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My Favorite Things - June 3, 2002

Someone asked me last week for a WHOLE WHEAT BREAD RECIPE. I cleaned my desk, and found this scribbled on a piece of scrap paper!

I tried it today and enjoyed it!

A customer said a funny thing a few weeks ago when she said,

"I just cannot stop this grain thing! Even if I have to grind my flour, I can still have 4 loaves in an hour and a half!"

When you have the right equipment, it’s amazing how quick it can be!

I’ve cut the recipe she used in half so depending on how large your loaf pan is, this makes enough dough for 2 - 3 loaves, depending on the size of your pan.
________________________________________________________

WHOLE WHEAT BREAD RECIPE –

This is made using Blendtec’s Kitchen Mill & Mix ’N Blend mixer!

If you use a different mill, please be aware that your flour may be coarser then the Blendtec’s flour therefore you may need to adjust your flour to liquid ratio to get the correct “texture” in your dough.

The finely ground flour of the Blendtec is very similar to store bought flour therefore I find it to be easier to incorporate into family “heirloom” recipes.

If you use a different mixer, you may need to make adjustments, as well. Not all mixers can handle whole wheat dough because it’s heavier. It can actually burn out the motor in the wrong machine, so use at your own risk.

1/4 c. oil (*The oils I use the most are butter, coconut oil and olive oil. I just feel they’re healthiest. If you choose to use another oil, such as safflower or sunflower, check to see if it’s expeller pressed so it’s not extracted with chemical solvents! Always measure your oil before the honey so the honey will slide right out of the measuring cup!)

1/4 c. honey

2 1/2 c. very warm water (*best if no chlorine - and not too hot or you’ll kill the yeast)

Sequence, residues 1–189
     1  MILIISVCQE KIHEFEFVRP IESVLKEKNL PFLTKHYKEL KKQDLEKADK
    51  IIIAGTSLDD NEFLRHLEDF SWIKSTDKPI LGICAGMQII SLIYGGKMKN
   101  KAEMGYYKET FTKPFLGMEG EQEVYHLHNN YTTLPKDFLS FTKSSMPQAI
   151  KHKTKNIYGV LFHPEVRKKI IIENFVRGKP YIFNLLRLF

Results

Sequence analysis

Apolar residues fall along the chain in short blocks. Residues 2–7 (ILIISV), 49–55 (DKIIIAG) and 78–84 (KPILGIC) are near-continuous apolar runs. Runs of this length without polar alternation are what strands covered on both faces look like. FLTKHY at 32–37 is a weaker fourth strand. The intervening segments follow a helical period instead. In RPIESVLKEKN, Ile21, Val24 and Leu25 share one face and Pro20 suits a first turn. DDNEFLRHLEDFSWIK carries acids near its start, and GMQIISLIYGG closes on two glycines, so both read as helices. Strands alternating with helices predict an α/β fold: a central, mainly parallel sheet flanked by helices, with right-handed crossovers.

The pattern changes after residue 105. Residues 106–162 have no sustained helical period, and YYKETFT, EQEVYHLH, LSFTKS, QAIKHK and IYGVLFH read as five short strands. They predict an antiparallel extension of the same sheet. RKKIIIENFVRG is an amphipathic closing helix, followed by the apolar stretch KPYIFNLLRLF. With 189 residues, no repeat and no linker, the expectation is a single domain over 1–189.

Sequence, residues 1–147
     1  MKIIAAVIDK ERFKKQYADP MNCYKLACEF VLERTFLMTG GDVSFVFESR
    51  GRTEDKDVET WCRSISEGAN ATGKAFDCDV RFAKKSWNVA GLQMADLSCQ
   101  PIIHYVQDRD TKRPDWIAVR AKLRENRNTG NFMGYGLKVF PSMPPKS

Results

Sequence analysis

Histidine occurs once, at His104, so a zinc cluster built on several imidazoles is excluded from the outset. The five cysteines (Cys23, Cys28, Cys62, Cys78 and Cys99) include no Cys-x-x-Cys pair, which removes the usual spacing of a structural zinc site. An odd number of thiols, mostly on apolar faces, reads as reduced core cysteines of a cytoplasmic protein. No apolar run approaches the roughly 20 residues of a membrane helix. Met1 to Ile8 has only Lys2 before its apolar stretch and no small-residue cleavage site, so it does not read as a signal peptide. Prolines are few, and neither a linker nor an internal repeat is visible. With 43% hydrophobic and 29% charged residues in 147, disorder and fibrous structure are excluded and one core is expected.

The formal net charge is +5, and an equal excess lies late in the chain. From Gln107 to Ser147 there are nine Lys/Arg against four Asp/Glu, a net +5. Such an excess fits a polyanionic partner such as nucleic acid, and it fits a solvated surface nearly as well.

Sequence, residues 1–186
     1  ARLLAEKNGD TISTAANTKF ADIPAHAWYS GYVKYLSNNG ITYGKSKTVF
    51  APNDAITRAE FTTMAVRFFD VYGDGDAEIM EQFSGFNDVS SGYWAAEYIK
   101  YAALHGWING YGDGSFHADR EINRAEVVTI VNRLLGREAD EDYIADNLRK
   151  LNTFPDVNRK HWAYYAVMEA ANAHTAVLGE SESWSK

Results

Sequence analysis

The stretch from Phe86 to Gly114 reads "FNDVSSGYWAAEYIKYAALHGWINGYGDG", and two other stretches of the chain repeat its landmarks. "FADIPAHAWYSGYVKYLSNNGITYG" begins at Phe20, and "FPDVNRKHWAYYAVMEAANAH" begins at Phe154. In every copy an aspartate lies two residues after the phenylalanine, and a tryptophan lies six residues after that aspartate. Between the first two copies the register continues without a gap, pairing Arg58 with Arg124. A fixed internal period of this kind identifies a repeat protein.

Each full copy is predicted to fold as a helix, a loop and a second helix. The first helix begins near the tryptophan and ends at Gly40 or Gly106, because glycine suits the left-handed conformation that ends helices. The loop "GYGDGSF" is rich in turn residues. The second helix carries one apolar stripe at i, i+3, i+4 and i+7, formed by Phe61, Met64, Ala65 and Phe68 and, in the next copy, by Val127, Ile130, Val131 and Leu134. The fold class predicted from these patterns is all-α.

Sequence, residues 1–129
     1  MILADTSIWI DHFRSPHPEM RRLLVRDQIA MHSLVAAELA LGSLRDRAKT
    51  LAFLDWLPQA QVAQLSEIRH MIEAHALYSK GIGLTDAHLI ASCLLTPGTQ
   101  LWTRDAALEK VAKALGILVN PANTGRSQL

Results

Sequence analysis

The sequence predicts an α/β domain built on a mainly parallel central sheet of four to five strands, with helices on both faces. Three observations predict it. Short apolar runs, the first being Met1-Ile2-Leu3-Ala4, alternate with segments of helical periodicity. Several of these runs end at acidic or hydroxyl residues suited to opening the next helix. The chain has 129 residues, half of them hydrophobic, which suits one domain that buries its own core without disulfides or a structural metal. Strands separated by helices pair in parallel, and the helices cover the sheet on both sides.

4 1/2 tsp. yeast (*I like my SAF best because it’s a "one-rise" yeast.) Remember, if your yeast is taken from freezer or fridge, must allow to come to room temp to get the best rise. Yeast is composed of picky little "critters" that don’t like to work when they’re cold!

2 c. flour (*freshly ground in a Blendtec Grain Mill, of course! ;o) Later on, you’ll add more flour, so this is only "part" of the flour required. The purpose of adding a small amount of flour first is to get all the leavening ingredients fully mixed together before the addition of more flour makes the dough so bulky. (You’ll see what I mean if you keep reading this recipe!)
I use Prairie Gold or Bronze Chief for my bread flour and sometimes I mix in a cup or two of the Wheat Montana Natural White flour just to make it a bit lighter and fluffier in texture.

Mix until blended well.

Add: 1 TB Dough Enhancer

4 1/2 tsp. Vital Gluten

1 1/2 tsp. Salt (* RealSalt!)

Turn your mixer on.

Add more flour, a scoop at a time, until the dough just begins to "clean" the sides of the bowl. If you add enough to clean the sides of the bowl entirely, that’s generally about a half a cup too much flour and you’ll tax the motor of the machine.

You don’t want the dough to be runny and sticky, but rather to be more of a "play dough" texture. Depending on which flour you use (*i.e. all Prairie Gold, Bronze Chief or a mixture of both), you’ll use approximately 6 ½ cups to 6 ¾ cups flour altogether.